Attorney General Jeff Sessions' decision on Thursday to recuse himself from existing or forthcoming investigations of President Trump's campaign was a striking reminder of the administration's persistent struggle to put its Russia problem to bed.
Sessions' announcement came less than 24 hours after he was accused of misleading the Senate Judiciary Committee by failing to disclose two meetings with Russian Ambassador Sergey Kisylak after Sessions endorsed candidate Trump. The former Alabama senator was one of the president's earliest congressional supporters and often appeared as a surrogate for him on the campaign trail.
The latest news cycle, along with Democrats playing up the cloud of Russia that hangs over the White House, is reminiscent of situations that have unfolded multiple times since Trump's election victory.
Two days after the billionaire businessman stunned his opponents with a 300-plus electoral vote victory, a top Russian diplomat said publicly that a handful of individuals in Trump's orbit had been in contact with Moscow during the campaign.
"I cannot say that all of them but quite a few have been staying in touch with Russian representatives," Russia's Deputy Foreign Minister Sergei Ryabkov told The Washington Post on Nov. 10.
Additional allegations of correspondence between Russia and Trump associates have since caused multiple headaches for the fledgling administration.
Such was the case last month when White House National Security Adviser Mike Flynn was asked to resign for failing to inform senior administration officials that he had spoken with Kisylak about Obama-era sanctions before he was sworn into office. The controversy spanned several weeks and generated a deluge of bad press for Trump and Vice President Pence.
White House press secretary Sean Spicer and Pence both told reporters in January, when news first broke of Flynn's phone call with Kisylak, that he had only had a friendly exchange with the Russian ambassador and no formal discussions took place. Justice Department officials later warned the administration that Flynn had in fact discussed sanctions, prompting Trump to eventually ask for his resignation after it became clear he lied to Pence about it.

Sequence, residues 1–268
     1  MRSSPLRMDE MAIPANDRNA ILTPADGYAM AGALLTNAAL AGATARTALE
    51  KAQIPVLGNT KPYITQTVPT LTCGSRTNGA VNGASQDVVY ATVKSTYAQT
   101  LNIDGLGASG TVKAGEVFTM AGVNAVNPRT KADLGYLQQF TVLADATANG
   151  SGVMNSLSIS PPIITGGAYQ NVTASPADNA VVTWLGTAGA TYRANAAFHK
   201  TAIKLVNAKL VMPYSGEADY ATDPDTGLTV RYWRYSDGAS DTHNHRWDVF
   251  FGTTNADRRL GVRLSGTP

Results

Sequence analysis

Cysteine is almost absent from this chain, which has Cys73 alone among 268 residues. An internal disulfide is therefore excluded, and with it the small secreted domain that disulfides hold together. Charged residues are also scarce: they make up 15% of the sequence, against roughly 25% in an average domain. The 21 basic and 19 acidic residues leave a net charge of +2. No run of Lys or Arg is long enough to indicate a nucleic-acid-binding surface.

Last week, Spicer generated his own Russia-related controversy when it was revealed that he and White House chief of staff Reince Priebus had asked the intelligence community to knock down reports linking Trump to Moscow. Journalists pressed Spicer for days about his correspondence with FBI officials, who he claimed told the White House that recent reports about Trump and Russia were inaccurate.
"I will say I think we did our job very effectively by making sure that reporters who had questions about the accuracy and claims in The New York Times, we were pointing them to experts who understood whether or not that story was accurate or not," Spicer told reporters on Monday.
Separate controversies have also flowed out of the concerns over Trump's relationship with Moscow and his comments about U.S.-Russia relations.
Several of the president's Cabinet nominees came under fire during their confirmation hearings for contradicting the president's own posture on Russia or sidestepping questions about whether the U.S. adversary had actively assisted Trump during the 2016 election.
"Nikki Haley departs sharply from Trump on a range of foreign policy issues, including Russia," read a Washington Post headline the day Haley appeared for her confirmation hearing to be U.S. ambassador to the United Nations.
"Mattis rebuffs Russia cooperation call, says 'little doubt' Moscow meddling in elections," read a separate headline earlier this month when Trump's Defense secretary delivered remarks at NATO's headquarters.
For all the resources administration officials have spent trying to get rid of their Russia problem, Session's recusal suggests this is an issue that could haunt the president for months, at least.